Supreme Court Reinstates $89 Million Judgment in Landmark Class Action Employment Suit
Decision expected to carry significant ramifications for the California workplace for years to come.
The Supreme Court of California today overturned an appellate court ruling in the landmark case of Augustus v. ABM Security Services, ending an eleven-year battle and upholding the trial court decision that “on-duty” rest breaks are in violation of California wage and hour laws. The court reinstated the trial court’s award of $89.7 million in wages, interest and penalties to a class of approximately 15,000 former and present ABM security guards. Lead counsel for the class were Drew Pomerance and Michael Adreani of Roxborough, Pomerance, Nye & Adreani, LLP (RPNA).
The Supreme Court’s precedential decision clarifies and sets forth the standard for all California employers to easily follow: that employees need to be relieved of all duties during their rest break.
“This precedential decision clarifies and sets forth the standard for all California employers to easily follow: that employees need to be relieved of all duties during their rest break,” explains Adreani.
The decision originates from RPNA’s trial court victory in 2012 on behalf of a certified class of security guards who were denied off duty rest breaks in violation of California law. ABM Securities previously acknowledged that all of its security guards were required to remain on call during their so-called breaks, which the court found to be illegal. The trial court held that the guards remained “under ABM’s control” during their breaks by having to carry and monitor communication radios to respond to emergencies and other incidents and, thus, were not completely relieved of all duty during their breaks as required by California law. The win was a victory for employees throughout California, as well as for those businesses that lawfully provide off-duty breaks.
The trial court decision was reversed when the court of appeal ruled in favor of ABM Securities in 2014, stating that workers can receive lawful rest breaks even if they are required to perform some of their regular duties. Rather than following the “subject to control” definition of “work” long used in California, the court of appeal based its ruling on a dual definition of the term which had never previously been utilized under California law.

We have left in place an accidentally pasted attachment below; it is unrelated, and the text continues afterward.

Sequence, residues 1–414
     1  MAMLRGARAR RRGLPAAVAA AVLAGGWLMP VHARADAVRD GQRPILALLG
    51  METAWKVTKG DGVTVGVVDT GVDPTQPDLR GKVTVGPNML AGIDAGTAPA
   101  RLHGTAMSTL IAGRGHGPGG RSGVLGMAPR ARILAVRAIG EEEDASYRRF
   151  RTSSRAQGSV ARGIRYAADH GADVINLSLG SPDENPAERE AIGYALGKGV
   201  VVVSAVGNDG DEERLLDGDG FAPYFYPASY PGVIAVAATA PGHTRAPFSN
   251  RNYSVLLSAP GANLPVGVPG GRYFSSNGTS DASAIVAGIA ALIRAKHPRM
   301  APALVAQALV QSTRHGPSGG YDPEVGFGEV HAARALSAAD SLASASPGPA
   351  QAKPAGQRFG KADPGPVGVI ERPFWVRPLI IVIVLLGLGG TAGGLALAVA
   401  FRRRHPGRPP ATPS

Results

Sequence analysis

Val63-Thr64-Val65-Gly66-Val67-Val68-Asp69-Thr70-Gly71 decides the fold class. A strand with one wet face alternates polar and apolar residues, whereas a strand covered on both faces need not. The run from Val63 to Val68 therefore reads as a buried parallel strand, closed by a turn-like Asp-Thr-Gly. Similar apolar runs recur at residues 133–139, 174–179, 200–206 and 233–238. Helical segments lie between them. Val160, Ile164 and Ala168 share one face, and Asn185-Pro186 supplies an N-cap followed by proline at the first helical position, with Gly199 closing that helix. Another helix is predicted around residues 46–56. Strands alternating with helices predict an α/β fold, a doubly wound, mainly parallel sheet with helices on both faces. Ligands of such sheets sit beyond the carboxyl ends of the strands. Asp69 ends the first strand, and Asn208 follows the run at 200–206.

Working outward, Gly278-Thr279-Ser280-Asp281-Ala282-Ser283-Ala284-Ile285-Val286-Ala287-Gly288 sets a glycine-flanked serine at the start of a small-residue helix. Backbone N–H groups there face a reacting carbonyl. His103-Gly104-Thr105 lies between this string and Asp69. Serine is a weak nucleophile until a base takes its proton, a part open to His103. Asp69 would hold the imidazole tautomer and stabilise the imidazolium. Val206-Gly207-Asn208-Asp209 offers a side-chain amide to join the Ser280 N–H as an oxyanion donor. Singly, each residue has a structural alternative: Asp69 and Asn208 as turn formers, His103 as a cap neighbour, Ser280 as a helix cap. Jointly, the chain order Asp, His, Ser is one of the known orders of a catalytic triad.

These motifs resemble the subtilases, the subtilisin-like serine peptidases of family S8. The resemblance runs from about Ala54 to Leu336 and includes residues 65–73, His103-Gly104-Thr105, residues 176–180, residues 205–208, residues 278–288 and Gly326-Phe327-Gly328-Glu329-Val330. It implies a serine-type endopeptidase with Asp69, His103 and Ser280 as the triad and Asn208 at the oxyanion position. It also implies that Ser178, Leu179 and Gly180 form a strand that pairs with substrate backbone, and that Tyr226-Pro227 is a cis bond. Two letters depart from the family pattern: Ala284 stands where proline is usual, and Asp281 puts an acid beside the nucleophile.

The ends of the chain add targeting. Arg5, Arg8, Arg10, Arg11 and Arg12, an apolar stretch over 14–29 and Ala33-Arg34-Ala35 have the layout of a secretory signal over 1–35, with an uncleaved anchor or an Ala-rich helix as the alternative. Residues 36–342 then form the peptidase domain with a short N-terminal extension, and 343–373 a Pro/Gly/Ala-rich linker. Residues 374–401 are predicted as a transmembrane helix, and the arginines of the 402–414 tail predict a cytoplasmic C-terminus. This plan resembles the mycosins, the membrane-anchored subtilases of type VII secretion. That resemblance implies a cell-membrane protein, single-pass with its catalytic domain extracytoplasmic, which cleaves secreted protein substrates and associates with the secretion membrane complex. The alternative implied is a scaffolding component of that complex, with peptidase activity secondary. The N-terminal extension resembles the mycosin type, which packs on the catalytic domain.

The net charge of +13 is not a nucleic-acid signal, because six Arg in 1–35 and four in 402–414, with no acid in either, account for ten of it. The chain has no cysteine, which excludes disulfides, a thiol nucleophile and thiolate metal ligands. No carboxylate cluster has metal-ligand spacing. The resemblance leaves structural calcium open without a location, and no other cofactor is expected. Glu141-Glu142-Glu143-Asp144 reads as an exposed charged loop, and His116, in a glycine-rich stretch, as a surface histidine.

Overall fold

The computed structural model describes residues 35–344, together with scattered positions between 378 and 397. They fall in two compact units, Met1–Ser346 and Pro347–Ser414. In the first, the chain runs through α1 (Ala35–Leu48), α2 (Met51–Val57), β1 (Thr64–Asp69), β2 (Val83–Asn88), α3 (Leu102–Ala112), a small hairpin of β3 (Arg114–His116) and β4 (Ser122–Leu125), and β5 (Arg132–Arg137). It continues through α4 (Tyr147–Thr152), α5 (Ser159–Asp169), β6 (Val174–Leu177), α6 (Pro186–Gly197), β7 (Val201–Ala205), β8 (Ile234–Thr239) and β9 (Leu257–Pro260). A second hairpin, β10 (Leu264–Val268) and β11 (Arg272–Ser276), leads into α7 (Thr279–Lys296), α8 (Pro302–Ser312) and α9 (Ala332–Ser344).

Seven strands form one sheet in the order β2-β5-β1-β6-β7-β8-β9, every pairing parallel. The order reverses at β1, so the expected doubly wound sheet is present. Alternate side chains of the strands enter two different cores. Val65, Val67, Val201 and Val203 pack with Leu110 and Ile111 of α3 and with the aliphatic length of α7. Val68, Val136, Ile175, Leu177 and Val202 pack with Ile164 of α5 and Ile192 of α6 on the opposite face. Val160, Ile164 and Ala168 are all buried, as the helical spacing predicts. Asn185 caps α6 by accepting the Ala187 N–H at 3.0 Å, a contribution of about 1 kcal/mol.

After granting review of the appellate court’s decision, the California Supreme Court has now ended the controversy over employee rest breaks which has been the focus of an eleven-year legal battle.
We expect there will now be less litigation over the issue of rest breaks because employees and employers alike will understand the rights and obligations each have under the law.
“We are very grateful the Supreme Court agreed with what we have believed the law to be and have fought to clarify for the last 11 years,” says Pomerance. “We expect there will now be less litigation over the issue of rest breaks because employees and employers alike will understand the rights and obligations each have under the law.”
Adreani adds that the decision is an important reminder for all employers to revisit and ensure their policies are in line with the law. For a copy of the decision, please click here. For additional questions, please contact Straightline Communications at email@example.com or RPNA at 818-992-9999 | firstname.lastname@example.org.